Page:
THE PEANUT BUTTER FALCON
Technically, this isn’t a book recommendation, but I need to give a shout-out to a story that stole my heart: The Peanut Butter Falcon.
A character-driven movie about kindness and generosity, acceptance and the meaning of family, The Peanut Butter Falcon is set on the Outer Banks of North Carolina. (The cinematography, by the way, is incredible.) The storyline circles my favorite theme as a writer: that people who need each other find each other. To quote one of the secondary characters, “Friends are the family you choose.”
At the heart of the story is Zak, a young man with Down Syndrome, who has been abandoned by his genetic family. Living in a nursing home, he has friends—including Eleanor, his social worker—but he’s several decades younger than the other residents. The first time we meet Zak, he’s trying to run away, because he has a dream to chase: join Salt Water Redneck’s Wrestling School in Florida.
With the help of his roommate, an aging scientist, he escapes in the middle of night wearing nothing but his Y-fronts, and embarks on his quest. When he takes shelter under a tarpaulin in the back of a boat, he crosses paths with Tyler, a troubled fisherman on the run. They quickly form an unlikely bond, which leads Zak to deliver the best line of the movie: “I’m going to give you all of my wishes for my birthday.”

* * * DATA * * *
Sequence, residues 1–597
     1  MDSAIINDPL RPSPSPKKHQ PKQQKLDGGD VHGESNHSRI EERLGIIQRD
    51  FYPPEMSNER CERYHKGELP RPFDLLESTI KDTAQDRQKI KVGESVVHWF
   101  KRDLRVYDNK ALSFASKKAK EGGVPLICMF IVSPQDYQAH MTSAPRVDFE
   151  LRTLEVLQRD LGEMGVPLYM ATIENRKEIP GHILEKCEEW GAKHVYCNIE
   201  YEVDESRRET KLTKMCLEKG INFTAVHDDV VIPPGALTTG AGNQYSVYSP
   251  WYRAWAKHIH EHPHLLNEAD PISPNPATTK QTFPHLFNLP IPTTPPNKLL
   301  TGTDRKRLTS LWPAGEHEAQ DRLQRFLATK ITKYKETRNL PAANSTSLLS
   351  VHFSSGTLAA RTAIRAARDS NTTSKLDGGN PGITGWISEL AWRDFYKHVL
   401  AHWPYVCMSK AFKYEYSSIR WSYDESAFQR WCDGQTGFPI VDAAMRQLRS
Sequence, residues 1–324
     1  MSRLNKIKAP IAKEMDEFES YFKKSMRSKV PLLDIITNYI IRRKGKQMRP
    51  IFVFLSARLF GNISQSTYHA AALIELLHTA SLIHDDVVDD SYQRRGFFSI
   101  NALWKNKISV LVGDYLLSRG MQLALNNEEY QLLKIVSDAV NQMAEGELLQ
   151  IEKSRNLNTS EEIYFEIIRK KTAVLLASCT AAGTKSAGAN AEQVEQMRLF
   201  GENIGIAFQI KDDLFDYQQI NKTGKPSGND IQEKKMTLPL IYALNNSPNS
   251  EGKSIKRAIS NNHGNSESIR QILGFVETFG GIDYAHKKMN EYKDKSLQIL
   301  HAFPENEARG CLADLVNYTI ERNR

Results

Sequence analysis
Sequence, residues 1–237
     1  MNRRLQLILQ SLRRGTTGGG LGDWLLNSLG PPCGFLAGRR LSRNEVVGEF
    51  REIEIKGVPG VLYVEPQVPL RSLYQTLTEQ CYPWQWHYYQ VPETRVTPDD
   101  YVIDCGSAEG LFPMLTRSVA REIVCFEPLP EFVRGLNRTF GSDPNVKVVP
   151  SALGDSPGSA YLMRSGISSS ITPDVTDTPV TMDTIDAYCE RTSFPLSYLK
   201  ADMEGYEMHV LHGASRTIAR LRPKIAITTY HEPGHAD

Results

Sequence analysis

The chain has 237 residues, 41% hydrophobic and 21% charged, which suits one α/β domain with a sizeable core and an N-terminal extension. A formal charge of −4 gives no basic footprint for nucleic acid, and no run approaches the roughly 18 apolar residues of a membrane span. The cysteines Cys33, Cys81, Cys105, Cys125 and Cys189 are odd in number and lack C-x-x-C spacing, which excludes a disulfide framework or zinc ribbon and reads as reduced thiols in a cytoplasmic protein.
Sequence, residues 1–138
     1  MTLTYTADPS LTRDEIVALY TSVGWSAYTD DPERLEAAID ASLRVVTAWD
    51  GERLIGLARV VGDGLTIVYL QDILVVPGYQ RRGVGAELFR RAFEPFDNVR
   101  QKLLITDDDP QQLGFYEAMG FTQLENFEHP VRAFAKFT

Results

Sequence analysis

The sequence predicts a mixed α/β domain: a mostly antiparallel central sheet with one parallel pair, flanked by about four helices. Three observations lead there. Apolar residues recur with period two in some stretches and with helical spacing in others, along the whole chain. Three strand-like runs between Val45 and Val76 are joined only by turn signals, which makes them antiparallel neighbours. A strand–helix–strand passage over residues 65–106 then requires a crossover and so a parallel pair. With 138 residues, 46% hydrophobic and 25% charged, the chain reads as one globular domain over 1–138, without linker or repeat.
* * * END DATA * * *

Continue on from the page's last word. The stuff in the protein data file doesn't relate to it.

Eventually Eleanor tracks them down, and when Zak tosses her keys into the ocean, the adventure really begins. There is something raw, authentic, and heartwarming about the interaction between these three characters. Without melodrama, they trust and support each other and live up to the inscription on the butt of Tyler’s rifle: family first.
If you love quirky, heartfelt family drama, this is one of the best. I hope it collects buckets of Oscar nominations.
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